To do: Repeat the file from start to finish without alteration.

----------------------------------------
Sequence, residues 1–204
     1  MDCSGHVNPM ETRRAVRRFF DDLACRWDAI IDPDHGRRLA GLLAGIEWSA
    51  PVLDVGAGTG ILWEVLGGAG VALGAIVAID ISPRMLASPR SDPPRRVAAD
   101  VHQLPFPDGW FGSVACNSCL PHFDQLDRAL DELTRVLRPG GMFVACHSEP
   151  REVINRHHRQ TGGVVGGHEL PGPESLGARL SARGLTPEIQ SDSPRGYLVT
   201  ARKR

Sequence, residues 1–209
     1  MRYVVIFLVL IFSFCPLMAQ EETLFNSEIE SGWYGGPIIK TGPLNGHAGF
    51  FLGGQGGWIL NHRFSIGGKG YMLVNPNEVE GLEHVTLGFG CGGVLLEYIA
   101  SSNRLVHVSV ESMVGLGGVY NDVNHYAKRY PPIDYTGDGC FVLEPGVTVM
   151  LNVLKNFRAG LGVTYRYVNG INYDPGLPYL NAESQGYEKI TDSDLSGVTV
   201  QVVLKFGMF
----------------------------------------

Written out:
Sequence, residues 1–204
     1  MDCSGHVNPM ETRRAVRRFF DDLACRWDAI IDPDHGRRLA GLLAGIEWSA
    51  PVLDVGAGTG ILWEVLGGAG VALGAIVAID ISPRMLASPR SDPPRRVAAD
   101  VHQLPFPDGW FGSVACNSCL PHFDQLDRAL DELTRVLRPG GMFVACHSEP
   151  REVINRHHRQ TGGVVGGHEL PGPESLGARL SARGLTPEIQ SDSPRGYLVT
   201  ARKR

Sequence, residues 1–209
     1  MRYVVIFLVL IFSFCPLMAQ EETLFNSEIE SGWYGGPIIK TGPLNGHAGF
    51  FLGGQGGWIL NHRFSIGGKG YMLVNPNEVE GLEHVTLGFG CGGVLLEYIA
   101  SSNRLVHVSV ESMVGLGGVY NDVNHYAKRY PPIDYTGDGC FVLEPGVTVM
   151  LNVLKNFRAG LGVTYRYVNG INYDPGLPYL NAESQGYEKI TDSDLSGVTV
   201  QVVLKFGMF